Critical Evaluation

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Wieland was the first gothic novel written and published in America. Gothic fiction, a genre popular in Europe (especially England and Germany), had its inception in Horace Walpole’s The Castle of Otranto (1765). In the tradition of the romance, the gothic novel offers an outlet for its readers’ emotions—particularly fear. Characterized by ghosts, goblins, and supernatural occurrences, gothic tales take place in such places as ruined cathedrals and crumbling mansions. Their usual theme is the restoration of a usurped inheritance to its rightful heir. Although the earlier gothic authors presented supernatural phenomena as objective realities, later writers tended to present the supernatural as perhaps the result of imagination or of sensory delusion.

In Wieland, Charles Brown develops and Americanizes the gothic novel by adapting its theme, setting, and purpose. Unlike its predecessors, the work does not center on acquiring a European patrimony. Although Theodore Wieland, Jr., falls heir to lands in Lusatia, he has no desire to claim his holdings in the old country. He prefers to stay in America, where life is stable and familiar.

Rather than setting his novel in an archaic building, Brown has the story take place in a rural region in eastern Pennsylvania. Clara’s house is situated on a rugged river bank; the temple sits atop a cliff; and the summer house rests in a rocky crevice near a waterfall. These places are beautiful, and their wild isolation lends them an eeriness suggesting the presence of sprites. In selecting a natural site, Brown began a trend for other American writers, such as Washington Irving and William Cullen Bryant, who emphasized the appeal of nature.

Earlier gothic writers supplied rational explanations for mysterious phenomena, but Brown went a step further in Wieland by suggesting that the degree of one’s belief in the supernatural derives from one’s psychological makeup. That is, some people are predisposed toward the paranormal as a result of childhood memories, their innate psychic status, and their religion. When the elder Wieland undergoes his horrendous experience in the temple, Clara is six. Clara later admits that her father’s tragedy left an indelible impression, causing her to ponder the existence of divine intervention. Consequently, she is open to the possibility of supernatural machination when she hears the mysterious voices.

In addition to early experience, one’s inherent mental and emotional balance may account for one’s receptivity to the supernatural. Clara describes her brother as a brilliant but somber man who never laughs. This signals the reader that he is imbalanced and on the verge of disaster. Since Wieland’s temperament is so dark and attuned to gloom, it is not surprising that he should hear a voice telling him to destroy his family, the source of his joy. Clara, on the other hand, is more carefree. It seems significant that although both brother and sister hear voices, Clara’s injunctions (“Hold, hold!”) are protective while Wieland’s voice is destructive.

Brown begins his story with Clara’s account of her father’s fanaticism. The author thus foreshadows Wieland’s insanity. It is possible that the younger Wieland’s madness is augmented by religion as well as heredity. Although he and Clara are raised without religion, they seem not to have escaped the traces of Puritanism and Calvinism permeating their culture. The emphasis that these faiths place on the sinfulness of earthly happiness may have convinced Wieland—already predisposed to gloom and tragedy—that his family afforded him too much joy and must therefore be annihilated.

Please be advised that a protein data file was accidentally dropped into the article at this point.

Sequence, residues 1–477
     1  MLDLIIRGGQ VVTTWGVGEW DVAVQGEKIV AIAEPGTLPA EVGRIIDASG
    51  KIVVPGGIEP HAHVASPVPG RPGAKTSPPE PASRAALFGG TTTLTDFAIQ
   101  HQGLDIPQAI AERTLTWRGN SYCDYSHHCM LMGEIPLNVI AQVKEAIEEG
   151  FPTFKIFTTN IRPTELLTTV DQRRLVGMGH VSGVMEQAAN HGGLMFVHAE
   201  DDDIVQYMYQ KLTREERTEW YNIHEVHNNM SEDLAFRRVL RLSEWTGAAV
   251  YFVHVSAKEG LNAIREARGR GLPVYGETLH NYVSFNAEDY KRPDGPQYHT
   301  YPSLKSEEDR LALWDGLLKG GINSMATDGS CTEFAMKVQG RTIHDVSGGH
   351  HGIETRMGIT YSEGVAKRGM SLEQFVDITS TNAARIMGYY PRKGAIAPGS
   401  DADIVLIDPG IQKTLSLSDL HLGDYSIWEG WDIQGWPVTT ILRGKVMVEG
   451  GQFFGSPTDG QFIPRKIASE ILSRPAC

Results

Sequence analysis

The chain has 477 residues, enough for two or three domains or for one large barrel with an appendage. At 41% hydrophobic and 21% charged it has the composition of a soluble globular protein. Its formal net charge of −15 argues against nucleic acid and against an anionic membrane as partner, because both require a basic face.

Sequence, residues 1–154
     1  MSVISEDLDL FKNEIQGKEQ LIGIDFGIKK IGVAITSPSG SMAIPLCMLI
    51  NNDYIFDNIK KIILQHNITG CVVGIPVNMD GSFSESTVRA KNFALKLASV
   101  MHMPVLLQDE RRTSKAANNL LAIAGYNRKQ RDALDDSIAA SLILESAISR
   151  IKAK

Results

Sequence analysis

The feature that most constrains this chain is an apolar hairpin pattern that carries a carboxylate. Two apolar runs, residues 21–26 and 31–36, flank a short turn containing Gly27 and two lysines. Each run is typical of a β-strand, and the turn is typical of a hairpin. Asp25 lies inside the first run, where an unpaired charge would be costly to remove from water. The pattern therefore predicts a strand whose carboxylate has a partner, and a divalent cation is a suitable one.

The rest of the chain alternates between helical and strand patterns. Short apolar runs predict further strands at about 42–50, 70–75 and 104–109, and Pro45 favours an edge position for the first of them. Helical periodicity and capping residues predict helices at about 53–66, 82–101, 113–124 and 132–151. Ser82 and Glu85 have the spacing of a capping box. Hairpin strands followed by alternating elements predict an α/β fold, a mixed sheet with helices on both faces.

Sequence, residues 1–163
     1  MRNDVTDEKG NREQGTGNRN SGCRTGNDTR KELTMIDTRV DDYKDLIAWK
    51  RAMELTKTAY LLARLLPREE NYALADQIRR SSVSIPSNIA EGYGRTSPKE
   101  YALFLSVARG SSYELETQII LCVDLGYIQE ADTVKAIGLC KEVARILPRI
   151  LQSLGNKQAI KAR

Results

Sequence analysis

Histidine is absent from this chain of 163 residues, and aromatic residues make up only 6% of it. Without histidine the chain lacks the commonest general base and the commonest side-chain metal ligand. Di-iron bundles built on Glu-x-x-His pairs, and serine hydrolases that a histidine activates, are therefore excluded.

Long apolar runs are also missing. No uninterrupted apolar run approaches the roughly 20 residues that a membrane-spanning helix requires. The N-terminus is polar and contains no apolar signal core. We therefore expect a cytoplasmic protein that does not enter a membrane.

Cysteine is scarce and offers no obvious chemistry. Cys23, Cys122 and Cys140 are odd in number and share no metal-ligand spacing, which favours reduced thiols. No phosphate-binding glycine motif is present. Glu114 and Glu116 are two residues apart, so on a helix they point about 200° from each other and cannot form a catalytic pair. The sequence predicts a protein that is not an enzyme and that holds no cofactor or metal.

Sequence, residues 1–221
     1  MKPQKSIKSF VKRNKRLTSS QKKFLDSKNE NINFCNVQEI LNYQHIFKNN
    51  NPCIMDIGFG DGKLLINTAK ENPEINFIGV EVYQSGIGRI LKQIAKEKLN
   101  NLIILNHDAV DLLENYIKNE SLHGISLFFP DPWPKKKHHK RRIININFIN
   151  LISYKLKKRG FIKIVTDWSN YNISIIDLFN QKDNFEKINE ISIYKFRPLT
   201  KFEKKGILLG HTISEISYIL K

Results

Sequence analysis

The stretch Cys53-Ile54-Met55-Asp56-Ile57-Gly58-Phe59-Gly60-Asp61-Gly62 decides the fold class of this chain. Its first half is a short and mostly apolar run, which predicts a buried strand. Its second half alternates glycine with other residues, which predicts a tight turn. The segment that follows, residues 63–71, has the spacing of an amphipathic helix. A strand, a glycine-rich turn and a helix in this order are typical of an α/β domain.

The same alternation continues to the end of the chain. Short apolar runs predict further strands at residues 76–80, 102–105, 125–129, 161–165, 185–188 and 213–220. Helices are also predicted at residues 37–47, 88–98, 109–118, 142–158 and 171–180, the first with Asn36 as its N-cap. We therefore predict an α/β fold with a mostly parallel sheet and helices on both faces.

As well as presenting the issue of psychological predisposition, Brown treats the issue of moral responsibility. In Wieland , responsibility for the most part is assigned to the individual...

(This entire section contains 890 words.)

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level. For example, Carwin uses his ventriloquism only to remove himself from embarrassing situations. Nevertheless, he is indirectly and partially responsible for Wieland’s tragic act. Had Wieland not been accustomed to hearing inexplicable voices, he might not have heard the command to sacrifice his family.

Brown also uses his novel to portray eccentricities of human nature. Unlike earlier gothic characters—simplistic figures representing shades of vice and virtue—Clara and Carwin are complex and real. Although Clara is a learned and independent woman, she seems to have no life of her own. She centers her activities entirely on her brother and his wife. Her fascination with Carwin appears to be her first attraction to the opposite sex. Despite her outward contentment, it seems possible that inwardly she aches for a love of her own and easily mistakes Henry’s friendship for romantic attachment. Her lonely life removed her from reality.

Carwin exemplifies those persons who set out to test and to undo one whose integrity they envy. In counterfeiting a dialogue between two murderers, for example, he intends to test Clara’s alleged courage, to see whether she will run or stay to protect her servant. Carwin also simulates Clara’s voice to delude Henry regarding her virtue. Confounding Henry, in Carwin’s words, is the “sweetest triumph” over this man of “cold reserves and exquisite sagacity.”

Brown’s style is erudite and his dialogue stilted. Nevertheless, his story sustains readers’ curiosity. Creating a gothic thriller, however, does not seem to have been Brown’s sole purpose. In addition to presenting the intrigue of the voices, he subtly introduces themes of psychology, morality, and society.




Wieland, Charles Brockden Brown